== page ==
Watch “Adam,” an Award-Winning Short Claymation That Wonderfully Re-Tells the Story of Creation

Above, watch ‘Adam,’ a short clay­ma­tion made by Eve­lyn Jane Ross while attend­ing the Rhode Island School of Design. As she points out in a recent inter­view, ‘Adam’ is “noth­ing like Wal­lace and Gromit; it’s nei­ther a children’s sto­ry nor does it have a dis­tinct char­ac­ter. Instead, it’s a poet­ic nar­ra­tive depict­ing love and emo­tion­al sin­cer­i­ty. It uses the mal­leable nature of clay to empha­size the main idea, cre­ation. ‘Adam’ also defies the per­cep­tion that ani­ma­tion is a children’s medi­um. The film could eas­i­ly be rat­ed “R” for “MATURE” audi­ences only.” She then adds:

I read a quote by Stan­ley Kubrick, ‘A film is — or should be — more like music than like fic­tion. It should be a pro­gres­sion of moods and feel­ings. The theme, what’s behind the emo­tion, the mean­ing, all that comes lat­er’. This quote real­ly guid­ed my pro­gres­sion. It seemed like a won­der­ful way to think of struc­ture and tim­ing. The mean­ing, yes, came lat­er.

Although Ross made the film main­ly to ful­fill some senior year require­ments at RISD, she got some extra mileage out of the clay­ma­tion. Among oth­er awards, it won Best Ani­mat­ed Film at the Yale Stu­dent Film Fes­ti­val, the Berlin Flash Film Fes­ti­val, and San­ta Fe Inde­pen­dent Film Fes­ti­val. And it was a BAFTA Stu­dent Awards Final­ist. Enjoy.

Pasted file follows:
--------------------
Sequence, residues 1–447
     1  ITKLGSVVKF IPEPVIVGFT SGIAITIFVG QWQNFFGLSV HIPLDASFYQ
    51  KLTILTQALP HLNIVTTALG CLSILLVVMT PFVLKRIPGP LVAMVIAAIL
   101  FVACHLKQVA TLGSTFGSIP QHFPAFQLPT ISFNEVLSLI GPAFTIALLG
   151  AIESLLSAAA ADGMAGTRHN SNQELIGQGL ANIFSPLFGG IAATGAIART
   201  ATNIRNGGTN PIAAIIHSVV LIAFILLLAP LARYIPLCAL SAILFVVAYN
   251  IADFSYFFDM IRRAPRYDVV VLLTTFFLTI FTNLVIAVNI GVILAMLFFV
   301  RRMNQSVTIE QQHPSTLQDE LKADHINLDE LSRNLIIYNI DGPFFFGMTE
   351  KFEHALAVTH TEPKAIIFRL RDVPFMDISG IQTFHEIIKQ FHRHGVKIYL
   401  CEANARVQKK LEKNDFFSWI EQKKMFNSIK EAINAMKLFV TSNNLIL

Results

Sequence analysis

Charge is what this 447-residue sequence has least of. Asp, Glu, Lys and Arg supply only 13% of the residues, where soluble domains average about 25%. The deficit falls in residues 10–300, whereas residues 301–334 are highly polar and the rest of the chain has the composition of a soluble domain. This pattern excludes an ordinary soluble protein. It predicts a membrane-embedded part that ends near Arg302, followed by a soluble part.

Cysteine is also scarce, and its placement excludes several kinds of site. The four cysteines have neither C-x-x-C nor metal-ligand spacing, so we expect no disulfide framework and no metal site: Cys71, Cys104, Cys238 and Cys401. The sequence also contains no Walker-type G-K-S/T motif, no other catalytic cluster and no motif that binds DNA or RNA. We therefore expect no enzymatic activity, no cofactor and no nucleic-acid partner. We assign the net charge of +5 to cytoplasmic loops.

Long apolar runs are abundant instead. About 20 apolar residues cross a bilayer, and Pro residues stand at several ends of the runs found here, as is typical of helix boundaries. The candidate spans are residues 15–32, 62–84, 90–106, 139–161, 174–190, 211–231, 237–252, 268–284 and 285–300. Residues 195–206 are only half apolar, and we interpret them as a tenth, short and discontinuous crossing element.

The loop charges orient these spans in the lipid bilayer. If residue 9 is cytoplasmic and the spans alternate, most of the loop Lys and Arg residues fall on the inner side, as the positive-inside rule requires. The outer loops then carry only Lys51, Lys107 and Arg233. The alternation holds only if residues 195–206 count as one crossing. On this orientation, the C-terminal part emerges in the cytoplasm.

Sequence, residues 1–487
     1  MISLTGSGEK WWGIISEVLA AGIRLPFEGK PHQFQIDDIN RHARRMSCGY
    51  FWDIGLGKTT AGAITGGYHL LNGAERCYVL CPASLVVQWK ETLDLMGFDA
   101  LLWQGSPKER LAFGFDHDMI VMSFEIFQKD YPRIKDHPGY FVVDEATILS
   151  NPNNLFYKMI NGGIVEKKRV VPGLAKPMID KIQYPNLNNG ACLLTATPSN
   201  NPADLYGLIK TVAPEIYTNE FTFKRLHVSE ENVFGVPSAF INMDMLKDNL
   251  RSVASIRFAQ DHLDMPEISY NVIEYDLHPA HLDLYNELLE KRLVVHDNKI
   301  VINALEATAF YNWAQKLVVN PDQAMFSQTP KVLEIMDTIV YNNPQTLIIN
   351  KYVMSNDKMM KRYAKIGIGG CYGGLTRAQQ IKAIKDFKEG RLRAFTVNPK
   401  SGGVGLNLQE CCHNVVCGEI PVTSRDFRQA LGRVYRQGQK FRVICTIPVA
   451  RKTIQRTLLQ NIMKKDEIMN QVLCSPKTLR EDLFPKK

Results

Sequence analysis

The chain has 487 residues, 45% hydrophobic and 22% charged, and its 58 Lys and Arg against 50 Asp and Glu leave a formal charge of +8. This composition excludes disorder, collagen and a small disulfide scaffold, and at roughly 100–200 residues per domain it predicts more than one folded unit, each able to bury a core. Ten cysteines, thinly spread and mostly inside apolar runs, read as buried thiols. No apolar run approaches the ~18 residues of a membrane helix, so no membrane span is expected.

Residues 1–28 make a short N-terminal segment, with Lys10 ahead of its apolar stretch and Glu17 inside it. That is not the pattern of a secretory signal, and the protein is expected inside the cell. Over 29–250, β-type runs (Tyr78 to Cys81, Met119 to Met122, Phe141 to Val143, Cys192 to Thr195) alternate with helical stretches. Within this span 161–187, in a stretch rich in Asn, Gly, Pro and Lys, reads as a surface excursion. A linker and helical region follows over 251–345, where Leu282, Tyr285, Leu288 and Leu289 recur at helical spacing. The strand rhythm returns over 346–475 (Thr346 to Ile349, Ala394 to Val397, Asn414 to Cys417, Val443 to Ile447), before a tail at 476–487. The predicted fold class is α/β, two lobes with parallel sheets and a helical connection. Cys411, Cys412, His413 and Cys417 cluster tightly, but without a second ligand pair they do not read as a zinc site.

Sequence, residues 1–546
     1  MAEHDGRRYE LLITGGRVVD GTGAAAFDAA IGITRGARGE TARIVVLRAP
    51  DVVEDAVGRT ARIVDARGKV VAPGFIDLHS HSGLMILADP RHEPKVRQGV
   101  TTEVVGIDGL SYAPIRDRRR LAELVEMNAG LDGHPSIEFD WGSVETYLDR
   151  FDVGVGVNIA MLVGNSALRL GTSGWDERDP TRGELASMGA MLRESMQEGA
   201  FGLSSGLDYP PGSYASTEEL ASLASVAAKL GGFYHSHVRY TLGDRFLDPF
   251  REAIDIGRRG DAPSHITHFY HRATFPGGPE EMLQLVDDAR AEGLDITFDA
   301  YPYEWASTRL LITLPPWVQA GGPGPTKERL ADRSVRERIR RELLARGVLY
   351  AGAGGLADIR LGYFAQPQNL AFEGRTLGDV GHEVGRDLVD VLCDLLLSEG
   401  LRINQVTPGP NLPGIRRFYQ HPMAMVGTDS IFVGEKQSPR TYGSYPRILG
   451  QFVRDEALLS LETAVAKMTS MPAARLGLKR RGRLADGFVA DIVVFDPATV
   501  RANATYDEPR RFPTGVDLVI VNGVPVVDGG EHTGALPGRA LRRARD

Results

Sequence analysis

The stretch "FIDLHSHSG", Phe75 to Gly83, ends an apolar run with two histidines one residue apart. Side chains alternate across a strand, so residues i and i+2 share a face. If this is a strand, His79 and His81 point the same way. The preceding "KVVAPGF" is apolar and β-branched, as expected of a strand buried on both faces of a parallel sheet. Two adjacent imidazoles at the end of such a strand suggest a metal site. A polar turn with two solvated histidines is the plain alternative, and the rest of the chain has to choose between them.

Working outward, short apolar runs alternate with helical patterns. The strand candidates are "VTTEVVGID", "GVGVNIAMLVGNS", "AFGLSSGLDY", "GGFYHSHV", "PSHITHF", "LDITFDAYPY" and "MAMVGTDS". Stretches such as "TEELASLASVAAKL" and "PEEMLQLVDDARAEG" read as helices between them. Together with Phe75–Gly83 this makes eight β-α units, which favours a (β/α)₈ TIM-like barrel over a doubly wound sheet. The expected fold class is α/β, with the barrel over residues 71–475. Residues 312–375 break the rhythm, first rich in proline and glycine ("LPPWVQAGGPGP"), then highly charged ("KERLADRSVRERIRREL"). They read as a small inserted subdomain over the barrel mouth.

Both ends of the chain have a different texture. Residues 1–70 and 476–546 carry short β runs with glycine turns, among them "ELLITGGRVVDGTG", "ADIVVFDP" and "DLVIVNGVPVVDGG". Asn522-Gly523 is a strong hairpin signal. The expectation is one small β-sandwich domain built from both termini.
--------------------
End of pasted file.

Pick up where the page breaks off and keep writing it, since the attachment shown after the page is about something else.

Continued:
“Adam” will be added to our list, 4,000+ Free Movies Online: Great Clas­sics, Indies, Noir, West­erns, Doc­u­men­taries & More.

Relat­ed Con­tent:

William S. Bur­roughs Nar­rates a Clay­ma­tion of His Grim Hol­i­day Sto­ry “The Junky’s Christ­mas”

Clay­ma­tion Film Recre­ates His­toric Chess Match Immor­tal­ized in Kubrick’s 2001: A Space Odyssey

Philo­soph­i­cal, Sci-Fi Clay­ma­tion Film Answers the Time­less Ques­tion: Which Came First, the Chick­en or the Egg?

Plato’s Cave Alle­go­ry Brought to Life with Clay­ma­tion

by | Permalink | Comments (3) |

Sup­port Open Cul­ture

We’re hop­ing to rely on our loy­al read­ers rather than errat­ic ads. To sup­port Open Cul­ture’s edu­ca­tion­al mis­sion, please con­sid­er mak­ing a dona­tion. We accept Pay­Pal, Ven­mo (@openculture), Patre­on and Cryp­to! Please find all options here. We thank you!

Leave a Reply

Open Culture was founded by Dan Colman.